Blakesley Hall is the house which Richard Smalbroke built in 1590 on land which he had inherited from his father. Richard divided his time between his main residence The Ravenhurst at Bordesley and Blakesley Hall which was also the matrimonial home of Richard’s only son Robert.

Blakesley Hall is the house which Richard Smalbroke built in 1590

Blakesley Hall is the house which Richard Smalbroke built in 1590

On 1st July 1604, at Bordesley Thomas Smalbroke was attacked with a hunting staff by William Colmore’s son Thomas. Colmore then tried, unsuccessfully, to shoot his enemy who ran for safety to the house.

When Thomas Smalbroke rode to Packington for a warrant for the arrest of his attacker, Colmores waited to intercept him on his return along the Coventry Road. Richard got to him first and the pair made it to Yardley. Later that evening Thomas set off again for his home at the top of the Bull Ring but was met by one of his sons who told him to go back to Yardley where the brothers watched from the top floor window of Blakesley Hall as young Colmore and his servant, both armed with pistols, sought a Smalbroke to shoot.

The town was not safe for any of the Smalbrokes that night. William Colmore was ‘most irreligiously and profanely swearing and protesting many times by the blood of God that he would his son had well boxed Smalbroke’ – that he ‘would to God he had sped him’.

Thomas Smalbroke told the Town Constable to arrest Thomas Colmore, but it was only by the intervention of Sir Thomas Holte of Aston that the writ was finally served.

Also sheltering in the house at the time of the siege were Richard’s son and daughter-in-law and their eight-year old daughter Barbara who would, two years later, inherit Blakesley Hall and all its lands on the death of her father. Her mother Elizabeth would then re-marry. Her new husband was that same Thomas Colmore! Had he and Elizabeth known each other before she married Robert? Had he been waiting in the wings for a second chance to claim his bride and were they the real-life star-crossed lovers with an altogether different ending. Who was the true target for the Colmores on that July evening in 1604?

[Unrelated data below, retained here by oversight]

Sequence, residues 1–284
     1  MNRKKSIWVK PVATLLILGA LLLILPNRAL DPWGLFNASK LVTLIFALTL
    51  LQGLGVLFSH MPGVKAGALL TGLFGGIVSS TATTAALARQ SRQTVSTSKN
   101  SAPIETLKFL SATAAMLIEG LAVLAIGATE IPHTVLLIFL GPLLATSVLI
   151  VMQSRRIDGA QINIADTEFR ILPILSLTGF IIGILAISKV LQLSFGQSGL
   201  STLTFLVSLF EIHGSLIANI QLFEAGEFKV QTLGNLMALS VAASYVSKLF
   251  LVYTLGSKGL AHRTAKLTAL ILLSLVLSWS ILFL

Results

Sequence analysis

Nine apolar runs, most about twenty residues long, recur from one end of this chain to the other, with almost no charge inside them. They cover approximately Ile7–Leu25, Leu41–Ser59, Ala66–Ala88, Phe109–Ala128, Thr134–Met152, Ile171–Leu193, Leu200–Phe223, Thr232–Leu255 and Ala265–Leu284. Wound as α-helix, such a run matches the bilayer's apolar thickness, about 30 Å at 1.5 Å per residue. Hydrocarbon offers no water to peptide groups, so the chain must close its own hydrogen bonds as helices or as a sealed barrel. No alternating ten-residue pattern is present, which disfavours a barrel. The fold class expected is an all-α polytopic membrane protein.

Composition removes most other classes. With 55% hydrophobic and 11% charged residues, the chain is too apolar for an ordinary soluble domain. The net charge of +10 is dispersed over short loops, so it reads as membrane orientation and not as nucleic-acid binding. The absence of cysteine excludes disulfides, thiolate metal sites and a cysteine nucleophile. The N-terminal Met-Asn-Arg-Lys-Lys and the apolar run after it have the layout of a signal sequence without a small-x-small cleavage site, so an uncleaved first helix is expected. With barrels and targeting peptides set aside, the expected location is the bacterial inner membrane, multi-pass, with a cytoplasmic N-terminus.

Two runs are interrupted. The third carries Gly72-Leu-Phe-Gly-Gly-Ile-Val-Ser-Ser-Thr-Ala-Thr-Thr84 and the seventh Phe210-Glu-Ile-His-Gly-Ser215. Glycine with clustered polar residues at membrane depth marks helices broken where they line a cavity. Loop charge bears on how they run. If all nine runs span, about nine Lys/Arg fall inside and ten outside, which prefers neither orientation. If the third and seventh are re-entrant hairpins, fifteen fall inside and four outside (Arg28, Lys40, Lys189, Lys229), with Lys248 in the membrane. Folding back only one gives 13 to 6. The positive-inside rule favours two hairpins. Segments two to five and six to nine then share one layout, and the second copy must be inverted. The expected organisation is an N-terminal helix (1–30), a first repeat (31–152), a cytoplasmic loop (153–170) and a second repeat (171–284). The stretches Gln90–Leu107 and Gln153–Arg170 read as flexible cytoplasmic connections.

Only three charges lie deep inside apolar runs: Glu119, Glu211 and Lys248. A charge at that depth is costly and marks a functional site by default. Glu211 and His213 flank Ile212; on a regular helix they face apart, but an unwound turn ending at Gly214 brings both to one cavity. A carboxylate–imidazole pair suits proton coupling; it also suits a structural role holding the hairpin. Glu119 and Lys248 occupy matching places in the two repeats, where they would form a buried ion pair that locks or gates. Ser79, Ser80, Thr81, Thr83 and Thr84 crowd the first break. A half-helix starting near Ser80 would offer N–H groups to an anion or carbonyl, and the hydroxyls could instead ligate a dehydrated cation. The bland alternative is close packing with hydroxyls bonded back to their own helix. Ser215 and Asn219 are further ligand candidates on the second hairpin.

A final twist to this saga. In 1614 Richard’s granddaughter Barbara married Henry Devereux of Castle Bromwich Hall. Her new mother-in-law, Lady Devereux, was formerly Catherine Arden – a kinswoman of Shakespeare’s mother Mary Arden whose family seat was Park Hall, Castle Bromwich. Did William Shakespeare get all of his inspiration for his play from that poem? Or did his mother tell him about the goings-on in Birmingham?

Dorothy Blackwell, volunteer at Blakesley Hall

Dorothy Blackwell, volunteer at Blakesley Hall

As one of Blakesley Hall’s team of visitor-friendly volunteers, I hope that the embellishments to the above true record of sixteenth-century events sound plausible enough to claim, if not a possible Shakespeare connection, then at least a parallel with one of his most loved plays. Yardley may not be a substitute for Verona, but beautiful Blakesley Hall, in old age, remains inspirational.

The plot thickens! Since writing this blog post I have found out that Robert Smalbroke died from natural causes in 1603, so it seems that Thomas Colmore’s errand to Blakesley in 1604 was not to murder him but a failed attempt to elope with his widow.

Dorothy Blackwell,
Volunteer at Blakesley Hall

For more information about Blakesley Hall visit: www.bmag.org.uk/blakesley-hall.
For more information about volunteering at Birmingham Museum Trust visit: www.bmag.org.uk/support-us/volunteer

Nurse Teddy at the Ready